HIST 1700 American Civilization
Political, economic, and social development of American institutions and ideas. Satisfies the American Institutions requirement.
SCI 2010 The Nature of Scientific Inquiry
This course provides students with an introduction to the scientific endeavor as both a body of knowledge and as a process. The course distinguishes scientific inquiry as a unique way of knowing that employs a specific set of norms and practices. Students will perform simple scientific inquiries to explore foundational principles, as well as engage in their own open-ended discovery activities. Explorations will be carried out within the context of their historical development; for example, students will investigate the basics of pendulum motion while learning how Galileo’s work on pendula revolutionized navigation. Students will also grapple with ethical scientific dilemmas and explore how science interacts with society. Students will communicate their findings through writing, discussion, and oral and poster presentations. This course is intended to provide a foundation for non-science.
SOC 1010 Introduction to Sociology
An introduction to the basic nature of society and the relationship between society and the individual. This course focuses on how society functions and is organized, and how society impacts and influences individual motivation, understanding, action, and well-being. Basic sociological ideas regarding social relations, social interaction, social structure, and social change are examined. Students are introduced to key issues addressed by contemporary sociologists; class, race, gender, sexuality, religion, globalization, education, health care, crime, the media, and the environment. The knowledge gained in these course will aid students in future studies within a variety of fields and careers, and encourage the development of critical thinking about important issues. Satisifies the Social/Behavioral Science Exploration requirement.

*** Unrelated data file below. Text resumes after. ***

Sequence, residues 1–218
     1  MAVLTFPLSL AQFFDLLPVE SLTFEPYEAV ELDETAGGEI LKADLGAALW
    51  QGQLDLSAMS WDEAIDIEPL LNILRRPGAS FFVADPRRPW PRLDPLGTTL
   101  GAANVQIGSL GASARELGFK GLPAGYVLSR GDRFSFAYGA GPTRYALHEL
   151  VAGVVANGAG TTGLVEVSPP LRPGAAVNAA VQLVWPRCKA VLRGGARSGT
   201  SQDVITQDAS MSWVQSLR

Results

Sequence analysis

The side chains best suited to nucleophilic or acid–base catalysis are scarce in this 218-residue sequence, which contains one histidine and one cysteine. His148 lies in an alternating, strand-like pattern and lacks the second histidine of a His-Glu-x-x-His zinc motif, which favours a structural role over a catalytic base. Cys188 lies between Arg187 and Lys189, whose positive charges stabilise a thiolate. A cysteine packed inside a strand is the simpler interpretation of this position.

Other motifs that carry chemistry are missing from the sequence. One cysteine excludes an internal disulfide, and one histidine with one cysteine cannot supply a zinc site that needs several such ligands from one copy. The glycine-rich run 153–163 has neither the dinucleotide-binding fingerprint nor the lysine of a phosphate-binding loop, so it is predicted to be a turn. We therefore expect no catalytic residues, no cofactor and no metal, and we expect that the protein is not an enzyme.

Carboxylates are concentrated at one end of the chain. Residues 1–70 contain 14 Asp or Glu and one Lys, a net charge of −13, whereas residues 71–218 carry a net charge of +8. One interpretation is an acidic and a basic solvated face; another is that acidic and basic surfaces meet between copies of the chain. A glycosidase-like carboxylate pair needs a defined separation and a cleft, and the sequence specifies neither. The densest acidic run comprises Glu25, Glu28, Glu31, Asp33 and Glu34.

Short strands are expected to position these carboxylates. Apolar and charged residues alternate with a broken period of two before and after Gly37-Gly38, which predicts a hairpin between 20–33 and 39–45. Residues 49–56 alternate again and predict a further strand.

WRTG 2010 Intermediate Writing
This course is designed to provide students with the foundational practices and capabilities needed to read and write academic arguments proficiently. Though our focus is on setting you up to be a successful writer in your university courses, the writing practices and capabilities you learn in this class have application outside of the university. Students are introduced to strategies, tools, and resources necessary to become successful writers in a range of scholarly and professional contexts. They will practice analytic, persuasive, and narrative writing in a number of genres and explore how to do research papers. This class is meant to make students feel more comfortable with their own voice and better able to use that voice for the rest of their college career. Students will also spend time working on the structure of writing: ways to organize, how to build sentences, and how to write a polished academic paper. Learning how to write strong sentences, and well-organized paragraphs, learning how to collaborate, and learning how to write in and with new technologies, learning how to research a problem, learning how to contribute a view point to an ongoing conversation – all of these are behaviors and skills that are required to succeed in most workplaces.